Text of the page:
Reference:
USTA Recovery in Tennis http://assets.usta.com/assets/1/dps/usta_master/sitecore_usta/USTA/Document Assets/PlayerDevelopment/SportsScience/RECOVERY PROJECT 22410 EMAIL VERSION.pdf
We don't use high fructose corn syrup in Australia...
Only cane sugar, which is higher in sucrose...
 

Bud

Bionic Poster
Cordial does not contain any electrolytes (sodium, potassium, chloride, etc.), so is not considered as good as a sports drink during competition.


If you are having just a short hitting session, water may be fine. Sports drinks will be better for long, intense training or playing sessions.


Different sports drinks contain different amounts of energy repleting carbohydrates, plus the electrolytes that are needed to keep muscles firing properly:



Too much carbohydrate/sugar in the drink, and it could cause intestinal cramping. Many dilute their sports drinks with water, or alternate water and the sports drink, if they are consuming a lot on a hot day. It is always better to get used to a sports drink regimen during practice, than to get into a tournament and have problems.



Notice that in all the sports drinks above, it is sodium that is the most important electrolyte to replace. (Sodium is lost during perspiration.)


It is not clear which sports drink is the "best". I use Gatorade because I can buy the powder pretty inexpensively, and just add water to make my own.

Reference:
USTA Recovery in Tennis http://assets.usta.com/assets/1/dps/usta_master/sitecore_usta/USTA/Document%20Assets/PlayerDevelopment/SportsScience/RECOVERY%20PROJECT%2022410%20EMAIL%20VERSION.pdf
Cytomax isn't sweetened with HFCS... It contains fructose and stevia.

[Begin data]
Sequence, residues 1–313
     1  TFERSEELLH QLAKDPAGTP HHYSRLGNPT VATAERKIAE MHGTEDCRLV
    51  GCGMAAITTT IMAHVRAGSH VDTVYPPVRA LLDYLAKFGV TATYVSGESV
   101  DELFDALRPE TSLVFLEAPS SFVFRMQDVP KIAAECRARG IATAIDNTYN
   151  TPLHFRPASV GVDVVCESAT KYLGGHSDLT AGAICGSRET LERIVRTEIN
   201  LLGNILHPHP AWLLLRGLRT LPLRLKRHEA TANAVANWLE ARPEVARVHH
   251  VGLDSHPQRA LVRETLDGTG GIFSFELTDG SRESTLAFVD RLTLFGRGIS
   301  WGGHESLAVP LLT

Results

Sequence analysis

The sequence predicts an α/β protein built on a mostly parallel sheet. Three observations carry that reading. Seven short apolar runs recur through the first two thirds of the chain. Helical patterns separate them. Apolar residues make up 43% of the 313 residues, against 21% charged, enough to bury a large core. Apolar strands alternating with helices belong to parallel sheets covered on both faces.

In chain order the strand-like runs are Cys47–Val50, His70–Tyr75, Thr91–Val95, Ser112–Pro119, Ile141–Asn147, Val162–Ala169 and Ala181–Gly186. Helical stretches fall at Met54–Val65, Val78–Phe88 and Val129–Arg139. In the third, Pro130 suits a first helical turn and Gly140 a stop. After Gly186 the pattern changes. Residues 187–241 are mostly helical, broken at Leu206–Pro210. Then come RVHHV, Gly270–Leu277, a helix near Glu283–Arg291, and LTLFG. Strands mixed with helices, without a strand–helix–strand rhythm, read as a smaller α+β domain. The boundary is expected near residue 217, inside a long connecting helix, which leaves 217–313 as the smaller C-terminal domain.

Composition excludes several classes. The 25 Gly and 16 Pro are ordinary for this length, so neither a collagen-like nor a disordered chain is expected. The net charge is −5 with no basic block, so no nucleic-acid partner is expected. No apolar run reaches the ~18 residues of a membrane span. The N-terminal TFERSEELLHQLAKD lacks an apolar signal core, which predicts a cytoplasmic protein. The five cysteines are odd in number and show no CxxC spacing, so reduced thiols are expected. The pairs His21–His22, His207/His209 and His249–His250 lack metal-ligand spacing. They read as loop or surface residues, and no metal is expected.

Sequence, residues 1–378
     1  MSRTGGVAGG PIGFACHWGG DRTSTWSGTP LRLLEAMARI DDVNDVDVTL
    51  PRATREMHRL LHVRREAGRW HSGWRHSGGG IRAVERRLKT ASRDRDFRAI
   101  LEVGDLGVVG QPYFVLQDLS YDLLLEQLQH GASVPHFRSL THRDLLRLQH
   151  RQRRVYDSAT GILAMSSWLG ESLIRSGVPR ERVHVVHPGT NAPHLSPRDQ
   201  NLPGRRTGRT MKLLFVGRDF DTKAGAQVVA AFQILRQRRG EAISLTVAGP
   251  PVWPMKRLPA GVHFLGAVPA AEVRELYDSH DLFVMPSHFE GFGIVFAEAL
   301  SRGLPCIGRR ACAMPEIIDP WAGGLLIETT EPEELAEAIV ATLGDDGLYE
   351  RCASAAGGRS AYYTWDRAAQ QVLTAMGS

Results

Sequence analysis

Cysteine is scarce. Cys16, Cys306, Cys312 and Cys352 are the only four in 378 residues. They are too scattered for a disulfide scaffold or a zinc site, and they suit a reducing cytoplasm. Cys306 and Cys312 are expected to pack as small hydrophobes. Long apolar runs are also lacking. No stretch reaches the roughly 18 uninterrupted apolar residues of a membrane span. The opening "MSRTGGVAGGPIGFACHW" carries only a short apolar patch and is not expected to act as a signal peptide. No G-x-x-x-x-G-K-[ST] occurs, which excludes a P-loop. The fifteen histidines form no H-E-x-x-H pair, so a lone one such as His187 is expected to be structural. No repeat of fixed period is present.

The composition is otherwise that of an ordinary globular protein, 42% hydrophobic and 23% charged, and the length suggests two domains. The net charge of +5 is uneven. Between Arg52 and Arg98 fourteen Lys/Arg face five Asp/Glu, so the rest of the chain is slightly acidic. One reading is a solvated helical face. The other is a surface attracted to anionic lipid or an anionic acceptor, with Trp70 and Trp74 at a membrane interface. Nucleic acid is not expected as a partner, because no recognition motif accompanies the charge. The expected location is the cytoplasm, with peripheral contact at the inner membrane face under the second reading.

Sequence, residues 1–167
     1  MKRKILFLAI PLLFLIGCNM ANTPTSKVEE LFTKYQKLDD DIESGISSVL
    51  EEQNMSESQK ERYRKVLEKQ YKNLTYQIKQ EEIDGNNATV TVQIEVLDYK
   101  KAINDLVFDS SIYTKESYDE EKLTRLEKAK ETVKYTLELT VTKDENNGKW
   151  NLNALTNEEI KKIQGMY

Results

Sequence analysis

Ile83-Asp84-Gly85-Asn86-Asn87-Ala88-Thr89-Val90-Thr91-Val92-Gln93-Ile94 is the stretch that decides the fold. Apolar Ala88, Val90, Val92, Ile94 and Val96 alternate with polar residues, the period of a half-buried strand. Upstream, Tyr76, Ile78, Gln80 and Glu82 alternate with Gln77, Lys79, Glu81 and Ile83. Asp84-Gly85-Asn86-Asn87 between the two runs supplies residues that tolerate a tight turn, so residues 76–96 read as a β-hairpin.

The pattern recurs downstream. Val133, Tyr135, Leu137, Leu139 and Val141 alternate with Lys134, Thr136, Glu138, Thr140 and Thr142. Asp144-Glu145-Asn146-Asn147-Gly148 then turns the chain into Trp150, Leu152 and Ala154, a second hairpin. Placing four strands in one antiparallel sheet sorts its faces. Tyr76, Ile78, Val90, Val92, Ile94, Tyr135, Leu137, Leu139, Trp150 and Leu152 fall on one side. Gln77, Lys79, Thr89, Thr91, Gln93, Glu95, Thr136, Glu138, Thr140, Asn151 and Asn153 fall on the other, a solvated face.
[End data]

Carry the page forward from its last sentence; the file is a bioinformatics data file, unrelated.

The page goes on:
http://www.vitacost.com/CytoSport-Cytomax-Performance-Drink-Cool-Citrus

 
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SystemicAnomaly

Talk Tennis Guru
Note that the formulae (particularly the type of sweeteners employed) for Cytomax, Gatorade, Powerade and others have changed over the years. Also, the powder form of the products often use different sweeteners than the ready-made bottled versions.
.
 
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SystemicAnomaly

Talk Tennis Guru
For quite a few years most, if not all, Gatorade products used HFCS. Currently, I believe that they use a sucrose-dextrose mix. CF's reference (above), The Cutting Edge Runner, was published in 2005. I believe that up until a few years ago, Cytomax may have been using HFCS. I believe that Powerade still does.
.
 

DBrickshaw

New User
Yeah i think cytomax used to have a bottled drink with hfcs. Pretty sure they stopped using hfcs in any of their products though
 

tennytive

Professional
Powerade Zero has no sugar or HFCS. I still dilute it 1/1 with water.

Anyone try or use that 5 hour energy drink? Does that work?
 

NJ1

Professional
One medium bottle of Gatorade Low Calorie (can be bought very inexpensively) and one large bottle of water when I play summer matches.

The regular gatorade is too sugary and syrupy. Needs diluting.

I don't ever drink soda so the one or two bottle of Gatorade low cal per week are the only "fake" stuff that I drink.
 
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SystemicAnomaly

Talk Tennis Guru